Printed headline: Go or No-Go?
Although a wave of new technologies is poised to enter maintenance hangars—from data analytics driving better efficiency to robotics automating manual processes—the road to successful adoption is far from clear-cut, according to a panel discussion on new technology adoption at MRO Europe in London on Oct. 4.
Often this is because new innovations are being acquired but not necessarily being applied effectively. “Some companies have a tendency to throw technology at a problem, thinking it’ll solve it,” said panelist Arun Chhabra, co-founder and CEO of 8tree, a specialist in the manufacture of 3D surface-inspection tools. “Adopting technology isn’t by itself the answer, and I believe that’s where the message is sometimes lost.”
Chhabra argues that from an operational perspective, companies should not have to adapt to new technologies, but instead, the technology should adapt to them. Typically, in the world of tools, he says, even highly skilled technicians have an aversion to being weighed down by taking on completely new systems and methods. “The technology should be very transparent, so it’s equivalent to picking up a hammer or a wrench and allowing an engineer to carry on their work as seamlessly as possible,” he says.
The growing influx of data into the commercial aviation industry is also making an impact across OEMs, MROs and airline maintenance divisions. Fellow panelist Mithun Kamat, associate partner for advanced industries at global consultancy McKinsey & Co., says from his experience, the appetite of companies to embrace the digital world is growing. A recurring question raised by commercial aviation companies is how they can best transform their business digitally, he says.
In addition, the increasing digital awareness of the past few years has seen a greater share of OEMs and MROs investing heavily in digital platforms. “The amount of data generated in the industry has multiplied considerably, and companies are very aware of that,” Kamat says. “Large companies such as GE set up GE Digital in 2011, while the likes of Boeing, Airbus and Lufthansa Technik have all invested in data-driven platforms to better help airlines.”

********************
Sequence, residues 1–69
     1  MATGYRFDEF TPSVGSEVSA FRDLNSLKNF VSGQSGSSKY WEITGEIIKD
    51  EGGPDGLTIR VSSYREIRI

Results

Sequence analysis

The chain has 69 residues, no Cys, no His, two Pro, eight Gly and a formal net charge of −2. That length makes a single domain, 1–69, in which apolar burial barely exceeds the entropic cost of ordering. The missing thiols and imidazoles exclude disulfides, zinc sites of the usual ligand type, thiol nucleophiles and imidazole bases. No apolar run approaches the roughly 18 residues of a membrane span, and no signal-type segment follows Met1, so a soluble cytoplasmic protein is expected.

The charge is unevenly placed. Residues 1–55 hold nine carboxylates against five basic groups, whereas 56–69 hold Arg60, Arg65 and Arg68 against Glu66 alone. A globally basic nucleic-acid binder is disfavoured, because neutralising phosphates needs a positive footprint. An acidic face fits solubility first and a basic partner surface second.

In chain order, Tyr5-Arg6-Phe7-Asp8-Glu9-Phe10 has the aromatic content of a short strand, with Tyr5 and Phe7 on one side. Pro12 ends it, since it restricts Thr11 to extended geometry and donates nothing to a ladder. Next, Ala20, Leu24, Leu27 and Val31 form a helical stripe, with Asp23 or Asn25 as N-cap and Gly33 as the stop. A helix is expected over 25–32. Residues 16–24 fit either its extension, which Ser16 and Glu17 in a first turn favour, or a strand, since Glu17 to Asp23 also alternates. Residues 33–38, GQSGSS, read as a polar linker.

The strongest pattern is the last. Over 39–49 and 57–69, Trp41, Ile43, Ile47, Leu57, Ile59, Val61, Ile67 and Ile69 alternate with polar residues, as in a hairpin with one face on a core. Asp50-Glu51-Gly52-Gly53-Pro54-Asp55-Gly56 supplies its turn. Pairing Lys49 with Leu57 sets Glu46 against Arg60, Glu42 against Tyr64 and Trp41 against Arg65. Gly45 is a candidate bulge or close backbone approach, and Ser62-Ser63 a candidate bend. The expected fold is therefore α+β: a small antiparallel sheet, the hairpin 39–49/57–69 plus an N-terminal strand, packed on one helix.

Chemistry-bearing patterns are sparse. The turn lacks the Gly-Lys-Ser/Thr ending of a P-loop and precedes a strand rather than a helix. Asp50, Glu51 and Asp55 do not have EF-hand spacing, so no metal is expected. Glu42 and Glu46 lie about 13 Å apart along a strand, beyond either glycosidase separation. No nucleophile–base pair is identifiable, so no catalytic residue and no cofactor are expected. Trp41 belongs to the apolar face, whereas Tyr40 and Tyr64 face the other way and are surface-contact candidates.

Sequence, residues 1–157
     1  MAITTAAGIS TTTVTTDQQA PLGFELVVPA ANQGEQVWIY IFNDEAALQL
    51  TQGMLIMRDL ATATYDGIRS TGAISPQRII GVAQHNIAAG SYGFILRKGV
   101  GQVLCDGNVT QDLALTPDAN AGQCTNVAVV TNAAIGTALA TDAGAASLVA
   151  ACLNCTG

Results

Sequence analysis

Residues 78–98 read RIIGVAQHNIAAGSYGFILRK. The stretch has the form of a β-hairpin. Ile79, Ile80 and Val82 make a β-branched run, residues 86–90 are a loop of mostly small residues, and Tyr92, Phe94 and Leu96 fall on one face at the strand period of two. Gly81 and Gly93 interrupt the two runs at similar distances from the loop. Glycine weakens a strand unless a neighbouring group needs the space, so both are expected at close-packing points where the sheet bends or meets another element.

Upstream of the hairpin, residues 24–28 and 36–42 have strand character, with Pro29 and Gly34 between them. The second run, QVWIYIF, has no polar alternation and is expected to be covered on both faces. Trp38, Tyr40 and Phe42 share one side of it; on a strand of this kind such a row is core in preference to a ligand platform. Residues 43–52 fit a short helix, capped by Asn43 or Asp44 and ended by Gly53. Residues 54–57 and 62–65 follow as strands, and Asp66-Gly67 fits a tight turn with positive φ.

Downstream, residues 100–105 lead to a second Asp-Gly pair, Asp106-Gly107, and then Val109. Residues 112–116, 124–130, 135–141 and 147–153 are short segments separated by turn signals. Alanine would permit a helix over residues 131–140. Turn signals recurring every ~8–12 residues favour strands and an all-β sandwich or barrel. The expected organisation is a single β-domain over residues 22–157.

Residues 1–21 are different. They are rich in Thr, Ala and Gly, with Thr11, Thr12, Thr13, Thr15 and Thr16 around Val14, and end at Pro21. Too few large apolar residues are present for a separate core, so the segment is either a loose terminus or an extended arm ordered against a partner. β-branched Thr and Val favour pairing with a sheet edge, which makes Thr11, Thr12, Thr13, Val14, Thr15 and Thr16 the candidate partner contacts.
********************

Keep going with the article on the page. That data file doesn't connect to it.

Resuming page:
Another industry giant that has invested heavily in digital applications is Rolls-Royce. Nick Ward, head of OEM digital solutions at its Rolls-Royce Digital unit, says that not only has the British engine-maker invested significantly but it has also consciously changed its approach to how it makes digital technology investments.
However, on a wider scale, he believes that the amount of time it takes to implement new technologies can pose real obstacles for some organizations. “Any company making a large digital technology investment in the traditional sense sees firsthand what a drawn-out process it can be,” he says. “The decision-making process, which can be quite long itself, is often followed by an implementation phase lasting a number of years.”
Despite the challenges associated with implementing new technologies, all the panelists stated that, in their experience, the intent of many OEMs, MROs and airline maintenance divisions to invest in new technologies is still very strong.
But taking action is dependent on certain factors. “It all comes down to the culture and the DNA of a company,” says Chhabra, about technology investment. “Are they going to be an innovation leader like EasyJet, for instance, and embrace the new, or will they continue to be a company set in its ways and carrying on as before?”
Speaking for Rolls-Royce, Ward says the OEM falls into the former category. “There has been a complete shift at board level to recognize that digital is a part of the highest- level strategy,” he says. “This was a combination of necessity, opportunity, timing and having the right people on board.”
Collaboration across the industry will also play a key role in the future. Technology-driven partnerships have become increasingly common in the sector, notably through data and Internet of Things-focused startups working with aviation companies. Rolls-Royce, which has collaborated with Microsoft through its Azure data analysis tool since last year, is a proponent of this ethos, says Ward. “You simply can’t be in this industry and not collaborate,” he concludes. “Innovation comes from all different kinds of places.”